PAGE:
On appeal, Irvine argued that Monroe's interpretation of the RHNA law was absurd because it would mean SCAG serves as the "final judge, jury and appellate tribunal" for any alleged violation of the law. Denied judicial review, cities have no remedy available, Irvine agued.

However, a unanimous three-judge panel of the Fourth District agreed with Monroe that the RHNA process is "immune from judicial intervention." The court disagreed, finding that no single entity has complete control of the RHNA scheme. The opinion by Justice William Rylaarsdam outlined all of the consultation and cooperative aspects required to be part of the process, as well as HCD's oversight role. The court also pointed to 2004 legislative amendments that repealed judicial review of COG housing allocations.

"Given the RHNA statutes' nature, their allowance for public input, and their lengthy and existing administrative procedure, it is clear the Legislature intended to eliminate resort to traditional judicial remedies to challenge a local government's regional housing needs allocation so as to avoid the disruption of local planning that would result from interference through the litigation process," Rylaarsdam wrote.

Two other portions of the opinion appear noteworthy. In one, the court hinted that Irvine could plan for fewer units than called for in the RHNA allocation. The court cited Government Code § 65883, subdivision (b)(2), which says that if identified housing needs exceed a jurisdiction's resources, a housing element's "quantified objectives need not be identical to the total housing needs." The court also cited a 2005 attorney general's opinion that interpreted the same law to mean a community may establish a maximum number of housing units below its RHNA allocation if it has insufficient resources to meet the RHNA needs (88 Ops.Cal.Atty.Gen. 84; see CP&DR Legal Digest, June 2005).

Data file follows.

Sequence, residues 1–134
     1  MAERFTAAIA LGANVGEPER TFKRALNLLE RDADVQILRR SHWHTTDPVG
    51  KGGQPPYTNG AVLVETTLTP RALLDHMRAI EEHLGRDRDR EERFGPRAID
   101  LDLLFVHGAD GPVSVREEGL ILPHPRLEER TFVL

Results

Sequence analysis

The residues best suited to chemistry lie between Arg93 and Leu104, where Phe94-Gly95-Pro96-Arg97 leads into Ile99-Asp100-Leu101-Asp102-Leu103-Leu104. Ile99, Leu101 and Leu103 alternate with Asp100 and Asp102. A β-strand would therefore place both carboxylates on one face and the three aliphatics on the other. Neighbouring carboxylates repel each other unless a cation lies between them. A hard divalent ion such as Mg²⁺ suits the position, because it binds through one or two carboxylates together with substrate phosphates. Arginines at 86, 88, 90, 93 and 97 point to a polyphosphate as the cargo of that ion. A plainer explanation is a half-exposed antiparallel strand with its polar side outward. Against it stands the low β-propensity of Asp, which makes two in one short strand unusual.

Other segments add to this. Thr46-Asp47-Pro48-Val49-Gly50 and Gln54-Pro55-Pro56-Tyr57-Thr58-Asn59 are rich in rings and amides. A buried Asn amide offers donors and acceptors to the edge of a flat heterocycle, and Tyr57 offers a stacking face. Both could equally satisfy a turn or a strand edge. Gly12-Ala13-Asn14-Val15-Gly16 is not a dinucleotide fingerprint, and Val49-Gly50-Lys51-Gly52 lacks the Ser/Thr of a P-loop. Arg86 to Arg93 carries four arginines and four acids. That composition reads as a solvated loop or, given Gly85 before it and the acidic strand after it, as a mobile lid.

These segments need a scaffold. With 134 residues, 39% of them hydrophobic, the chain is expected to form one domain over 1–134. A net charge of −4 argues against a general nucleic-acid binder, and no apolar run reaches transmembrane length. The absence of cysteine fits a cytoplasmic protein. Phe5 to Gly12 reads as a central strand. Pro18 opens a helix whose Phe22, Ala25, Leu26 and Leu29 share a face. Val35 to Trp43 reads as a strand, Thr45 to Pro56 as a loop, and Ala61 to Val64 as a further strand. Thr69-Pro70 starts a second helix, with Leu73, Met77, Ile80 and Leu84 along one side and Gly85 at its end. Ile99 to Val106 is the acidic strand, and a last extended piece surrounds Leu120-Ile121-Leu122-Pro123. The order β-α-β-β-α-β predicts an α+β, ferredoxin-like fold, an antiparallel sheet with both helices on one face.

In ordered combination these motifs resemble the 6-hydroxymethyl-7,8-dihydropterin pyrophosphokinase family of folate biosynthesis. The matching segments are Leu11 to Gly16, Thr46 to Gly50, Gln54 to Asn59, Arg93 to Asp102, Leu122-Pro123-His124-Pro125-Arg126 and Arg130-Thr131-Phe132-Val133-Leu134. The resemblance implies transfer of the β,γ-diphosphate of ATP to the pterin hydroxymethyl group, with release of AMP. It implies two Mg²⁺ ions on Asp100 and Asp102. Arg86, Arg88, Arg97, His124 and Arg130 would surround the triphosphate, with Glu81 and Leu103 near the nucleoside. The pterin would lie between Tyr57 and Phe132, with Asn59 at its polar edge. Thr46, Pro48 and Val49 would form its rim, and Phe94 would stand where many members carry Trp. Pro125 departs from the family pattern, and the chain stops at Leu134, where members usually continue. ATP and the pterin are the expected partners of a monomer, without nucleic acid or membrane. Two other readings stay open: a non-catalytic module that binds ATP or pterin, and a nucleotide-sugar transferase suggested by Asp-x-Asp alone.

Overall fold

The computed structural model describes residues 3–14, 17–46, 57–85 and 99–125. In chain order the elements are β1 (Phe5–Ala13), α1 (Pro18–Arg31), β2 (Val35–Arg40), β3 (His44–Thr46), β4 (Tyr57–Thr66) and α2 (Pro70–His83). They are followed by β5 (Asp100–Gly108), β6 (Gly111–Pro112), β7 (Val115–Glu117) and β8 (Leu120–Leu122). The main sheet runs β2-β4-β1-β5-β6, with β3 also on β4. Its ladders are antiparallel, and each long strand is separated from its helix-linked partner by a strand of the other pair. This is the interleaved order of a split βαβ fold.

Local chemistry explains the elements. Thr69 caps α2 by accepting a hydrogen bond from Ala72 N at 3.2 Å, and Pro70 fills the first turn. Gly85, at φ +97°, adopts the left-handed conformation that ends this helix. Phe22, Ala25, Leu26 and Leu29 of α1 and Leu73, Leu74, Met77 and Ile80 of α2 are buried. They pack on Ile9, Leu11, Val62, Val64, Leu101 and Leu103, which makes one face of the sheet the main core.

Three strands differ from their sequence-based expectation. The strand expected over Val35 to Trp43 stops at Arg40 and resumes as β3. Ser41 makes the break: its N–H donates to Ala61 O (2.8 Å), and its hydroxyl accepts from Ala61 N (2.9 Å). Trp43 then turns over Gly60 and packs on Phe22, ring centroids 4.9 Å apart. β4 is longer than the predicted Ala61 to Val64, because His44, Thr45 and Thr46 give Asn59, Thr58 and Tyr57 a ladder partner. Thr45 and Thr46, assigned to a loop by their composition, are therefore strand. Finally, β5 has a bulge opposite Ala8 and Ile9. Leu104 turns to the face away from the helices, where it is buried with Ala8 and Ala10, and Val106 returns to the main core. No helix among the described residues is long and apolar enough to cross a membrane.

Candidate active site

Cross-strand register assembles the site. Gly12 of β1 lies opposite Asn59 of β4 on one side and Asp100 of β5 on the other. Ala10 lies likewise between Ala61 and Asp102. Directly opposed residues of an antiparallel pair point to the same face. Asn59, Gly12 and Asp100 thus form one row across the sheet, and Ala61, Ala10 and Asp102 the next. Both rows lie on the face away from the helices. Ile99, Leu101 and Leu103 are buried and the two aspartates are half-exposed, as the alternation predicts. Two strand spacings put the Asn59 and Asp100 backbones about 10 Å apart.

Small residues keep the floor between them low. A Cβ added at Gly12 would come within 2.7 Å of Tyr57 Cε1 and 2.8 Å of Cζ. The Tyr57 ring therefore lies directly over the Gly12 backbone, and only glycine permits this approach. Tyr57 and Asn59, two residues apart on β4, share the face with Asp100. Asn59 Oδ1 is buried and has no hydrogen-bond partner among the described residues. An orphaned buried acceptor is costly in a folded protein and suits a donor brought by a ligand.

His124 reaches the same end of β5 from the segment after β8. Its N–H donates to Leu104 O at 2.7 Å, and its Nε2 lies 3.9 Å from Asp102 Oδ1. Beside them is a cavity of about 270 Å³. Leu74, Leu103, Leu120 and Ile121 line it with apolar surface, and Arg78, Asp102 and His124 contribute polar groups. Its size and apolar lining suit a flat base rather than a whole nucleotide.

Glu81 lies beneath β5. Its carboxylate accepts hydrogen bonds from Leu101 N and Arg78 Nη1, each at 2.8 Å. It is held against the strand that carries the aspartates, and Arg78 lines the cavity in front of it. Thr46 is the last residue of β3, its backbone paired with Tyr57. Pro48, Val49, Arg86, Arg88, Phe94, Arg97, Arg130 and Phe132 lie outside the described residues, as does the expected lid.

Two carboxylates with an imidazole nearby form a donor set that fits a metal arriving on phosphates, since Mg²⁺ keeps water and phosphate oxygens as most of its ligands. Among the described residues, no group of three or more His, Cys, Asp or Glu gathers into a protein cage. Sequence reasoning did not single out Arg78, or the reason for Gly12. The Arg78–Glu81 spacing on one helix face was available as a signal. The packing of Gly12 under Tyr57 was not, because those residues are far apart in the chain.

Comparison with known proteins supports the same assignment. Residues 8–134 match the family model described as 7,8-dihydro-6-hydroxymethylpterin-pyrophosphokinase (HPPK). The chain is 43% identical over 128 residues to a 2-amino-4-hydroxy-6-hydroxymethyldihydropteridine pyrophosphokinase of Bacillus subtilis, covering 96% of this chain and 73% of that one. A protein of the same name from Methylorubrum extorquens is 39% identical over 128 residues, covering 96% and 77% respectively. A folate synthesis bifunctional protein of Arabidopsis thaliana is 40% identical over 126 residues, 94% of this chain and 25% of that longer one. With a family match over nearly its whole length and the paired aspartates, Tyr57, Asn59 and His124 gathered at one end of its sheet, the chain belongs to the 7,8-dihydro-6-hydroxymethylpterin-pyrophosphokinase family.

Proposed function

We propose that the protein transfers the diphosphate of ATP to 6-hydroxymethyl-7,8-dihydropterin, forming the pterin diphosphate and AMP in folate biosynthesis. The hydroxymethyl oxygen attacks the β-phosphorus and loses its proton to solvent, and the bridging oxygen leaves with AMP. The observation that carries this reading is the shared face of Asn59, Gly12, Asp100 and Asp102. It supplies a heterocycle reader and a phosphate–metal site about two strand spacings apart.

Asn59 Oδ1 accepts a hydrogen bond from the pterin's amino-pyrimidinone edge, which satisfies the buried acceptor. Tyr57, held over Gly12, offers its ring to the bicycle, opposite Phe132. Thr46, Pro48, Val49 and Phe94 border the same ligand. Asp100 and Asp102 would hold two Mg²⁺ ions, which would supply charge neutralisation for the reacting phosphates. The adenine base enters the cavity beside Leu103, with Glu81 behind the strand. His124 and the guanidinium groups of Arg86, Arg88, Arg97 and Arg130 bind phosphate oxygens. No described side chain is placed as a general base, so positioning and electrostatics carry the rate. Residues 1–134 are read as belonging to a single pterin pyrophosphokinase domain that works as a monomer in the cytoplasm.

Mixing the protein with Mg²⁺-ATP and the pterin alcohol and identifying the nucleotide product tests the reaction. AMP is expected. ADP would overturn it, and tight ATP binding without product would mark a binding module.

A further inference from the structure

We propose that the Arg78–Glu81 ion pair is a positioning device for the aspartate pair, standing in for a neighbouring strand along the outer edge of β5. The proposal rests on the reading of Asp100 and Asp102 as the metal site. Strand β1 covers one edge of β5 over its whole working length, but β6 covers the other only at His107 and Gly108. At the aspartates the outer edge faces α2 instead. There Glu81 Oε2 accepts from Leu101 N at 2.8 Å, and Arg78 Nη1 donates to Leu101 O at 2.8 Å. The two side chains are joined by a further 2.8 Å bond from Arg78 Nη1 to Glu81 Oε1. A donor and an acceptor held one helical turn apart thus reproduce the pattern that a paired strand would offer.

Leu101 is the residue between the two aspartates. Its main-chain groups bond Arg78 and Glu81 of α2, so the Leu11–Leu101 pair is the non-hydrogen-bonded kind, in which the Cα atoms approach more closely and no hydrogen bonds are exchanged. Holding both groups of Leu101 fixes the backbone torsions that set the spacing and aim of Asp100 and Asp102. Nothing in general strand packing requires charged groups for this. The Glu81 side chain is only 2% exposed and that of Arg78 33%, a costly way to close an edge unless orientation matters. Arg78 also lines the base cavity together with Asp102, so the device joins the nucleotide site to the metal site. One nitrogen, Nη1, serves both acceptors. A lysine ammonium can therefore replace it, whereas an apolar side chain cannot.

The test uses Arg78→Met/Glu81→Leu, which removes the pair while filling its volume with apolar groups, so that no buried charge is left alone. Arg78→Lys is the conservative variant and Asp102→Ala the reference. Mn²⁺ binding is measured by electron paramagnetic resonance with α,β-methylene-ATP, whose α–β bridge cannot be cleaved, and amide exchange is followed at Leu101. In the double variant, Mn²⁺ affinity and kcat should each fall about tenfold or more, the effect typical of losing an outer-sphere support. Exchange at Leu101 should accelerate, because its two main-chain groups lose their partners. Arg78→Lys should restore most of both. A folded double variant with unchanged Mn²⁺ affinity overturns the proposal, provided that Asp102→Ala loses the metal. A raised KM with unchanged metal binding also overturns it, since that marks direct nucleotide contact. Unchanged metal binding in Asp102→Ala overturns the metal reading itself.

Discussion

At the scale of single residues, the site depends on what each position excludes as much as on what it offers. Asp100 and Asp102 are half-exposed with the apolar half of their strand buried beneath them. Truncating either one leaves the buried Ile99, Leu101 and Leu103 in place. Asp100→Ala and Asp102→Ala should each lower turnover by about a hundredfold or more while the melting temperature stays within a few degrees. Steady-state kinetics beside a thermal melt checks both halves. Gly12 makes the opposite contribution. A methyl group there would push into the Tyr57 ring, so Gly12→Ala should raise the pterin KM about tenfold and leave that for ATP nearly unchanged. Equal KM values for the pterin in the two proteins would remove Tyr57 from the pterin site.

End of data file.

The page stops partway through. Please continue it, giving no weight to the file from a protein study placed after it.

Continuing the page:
Kohn, the city's attorney, said the court appeared to be offering solace to Irvine. But he pointed out that housing element certification is up to HCD, not the city.

In another part of the opinion, the court stated, "The RHNA allocation process must be completed in advance of the revision of a municipality's general plan housing element." It is this procedural aspect the court desires to shield  because if it were disturbed, a reallocation of RHNA numbers could be required. "[A]llowing this judicial action to proceed would require the joining of all affected local jurisdictions in the lawsuit, thereby precluding each affected municipality's completion of its housing element revision," Rylaarsdam wrote.

In practice, however, HCD permits cities and counties to submit housing element updates before RHNA allocations are complete, as long as the city or county is willing to amend the element after the allocation is final. "Perhaps this will be the next RHNA issue to be resolved by litigation," Abbott & Kindermann attorney Katherine Hart wrote in an analysis of the decision.

Kohn said the court could fashion a remedy to Irvine's situation that does not implicate other jurisdictions' planning.


The Case:
City of Irvine v. Southern California Association of Governments, No. G040513, 2009 DJDAR 9783. Filed June 30, 2009.
The Lawyers:
For Irvine: Philip Kohn, Rutan & Tucker, (714) 641-3415.
For SCAG: Joanna Africa, Southern California Association of Governments, (213) 236-1928.